Euphorbia hamata stems are worth a photo or two. Much branching brings about compact, busy growth and interesting shapes.
This restricts access into the shrub to only smaller animals living in the sparse veld of the plant's habitat. These kind of facilities constitute decent accommodation as well as protection for such tenants.
The hard branches bear no spines although at first glance the large conical tubercles might suggest otherwise. The plant’s protective strategy resides in its dense, ungiving stem toughness. Stems become 6 mm to 13 mm in diameter.
Persistence of tubercle tips and stem sections that die off is evident in the photo. Parts dry out as moisture rationing dictates the sacrificial sequence of what should last longer. This ensures overall plant survival better, given the fluctuating resource levels at given times around here.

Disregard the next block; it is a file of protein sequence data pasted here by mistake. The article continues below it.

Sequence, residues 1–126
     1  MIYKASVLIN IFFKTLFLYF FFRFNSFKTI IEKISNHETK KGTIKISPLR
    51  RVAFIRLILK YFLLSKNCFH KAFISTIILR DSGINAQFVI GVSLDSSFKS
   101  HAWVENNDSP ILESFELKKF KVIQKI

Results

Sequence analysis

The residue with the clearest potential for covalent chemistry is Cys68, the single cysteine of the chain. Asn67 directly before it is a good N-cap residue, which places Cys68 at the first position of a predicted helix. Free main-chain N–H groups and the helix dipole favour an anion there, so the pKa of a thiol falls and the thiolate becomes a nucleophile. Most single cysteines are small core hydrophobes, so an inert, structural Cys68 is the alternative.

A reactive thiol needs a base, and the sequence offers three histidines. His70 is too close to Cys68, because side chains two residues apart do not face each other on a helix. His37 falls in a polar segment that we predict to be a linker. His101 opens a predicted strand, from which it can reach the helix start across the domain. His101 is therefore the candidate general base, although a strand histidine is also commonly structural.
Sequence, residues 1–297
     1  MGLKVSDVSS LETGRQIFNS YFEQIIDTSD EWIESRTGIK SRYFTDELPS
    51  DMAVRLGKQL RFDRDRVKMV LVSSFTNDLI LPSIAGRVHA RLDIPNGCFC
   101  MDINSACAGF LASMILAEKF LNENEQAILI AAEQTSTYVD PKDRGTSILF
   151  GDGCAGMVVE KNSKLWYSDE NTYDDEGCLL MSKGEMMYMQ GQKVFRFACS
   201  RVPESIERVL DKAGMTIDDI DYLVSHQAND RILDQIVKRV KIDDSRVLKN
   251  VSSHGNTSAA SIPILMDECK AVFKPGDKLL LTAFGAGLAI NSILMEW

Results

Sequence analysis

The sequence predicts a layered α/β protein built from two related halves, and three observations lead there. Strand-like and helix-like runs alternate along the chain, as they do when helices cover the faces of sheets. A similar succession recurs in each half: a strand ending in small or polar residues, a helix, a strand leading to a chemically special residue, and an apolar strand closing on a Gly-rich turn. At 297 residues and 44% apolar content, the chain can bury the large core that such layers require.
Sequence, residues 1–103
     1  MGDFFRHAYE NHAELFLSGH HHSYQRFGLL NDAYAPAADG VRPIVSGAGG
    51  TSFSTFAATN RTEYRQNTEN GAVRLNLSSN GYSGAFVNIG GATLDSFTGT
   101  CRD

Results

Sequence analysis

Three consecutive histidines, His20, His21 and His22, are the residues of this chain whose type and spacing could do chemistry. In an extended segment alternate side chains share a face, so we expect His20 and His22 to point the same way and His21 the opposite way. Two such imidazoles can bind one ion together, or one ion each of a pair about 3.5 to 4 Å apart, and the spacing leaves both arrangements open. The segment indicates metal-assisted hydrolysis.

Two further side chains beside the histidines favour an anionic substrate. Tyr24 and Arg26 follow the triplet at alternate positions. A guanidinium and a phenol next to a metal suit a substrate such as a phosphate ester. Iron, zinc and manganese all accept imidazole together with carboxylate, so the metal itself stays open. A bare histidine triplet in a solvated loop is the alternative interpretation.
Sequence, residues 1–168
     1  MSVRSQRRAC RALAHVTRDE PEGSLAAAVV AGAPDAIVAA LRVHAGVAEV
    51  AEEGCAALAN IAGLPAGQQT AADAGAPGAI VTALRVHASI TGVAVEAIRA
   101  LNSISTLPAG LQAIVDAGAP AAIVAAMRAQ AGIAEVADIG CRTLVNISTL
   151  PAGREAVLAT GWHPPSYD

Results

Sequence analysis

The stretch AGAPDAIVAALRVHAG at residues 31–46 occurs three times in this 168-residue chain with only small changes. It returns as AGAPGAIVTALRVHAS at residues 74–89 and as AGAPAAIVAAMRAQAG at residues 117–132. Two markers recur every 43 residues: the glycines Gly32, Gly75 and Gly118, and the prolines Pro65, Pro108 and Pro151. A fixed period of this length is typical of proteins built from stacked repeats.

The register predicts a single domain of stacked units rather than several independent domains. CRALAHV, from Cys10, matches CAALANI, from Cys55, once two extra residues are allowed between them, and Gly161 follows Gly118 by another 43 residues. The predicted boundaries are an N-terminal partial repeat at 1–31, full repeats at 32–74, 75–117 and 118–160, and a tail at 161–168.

It also suggests a Soviet-like, tough central control. But there is no centre here where any entity might take note of dying parts or make board room type decisions about matters of growth and production.
What is physically retained at extremities serves in first defence lines against intruders, whether breaking or eating might be the intention of such parties.
Curious lines like mythical route maps of watercourses or roads existing nowhere are present upon the smooth green stems in picture. Probably the effects of ageing like the onset of grey hair (Frandsen, 2017; Smith and Crouch, 2009; Le Roux, et al, 2005; iNaturalist; http://llifle.com).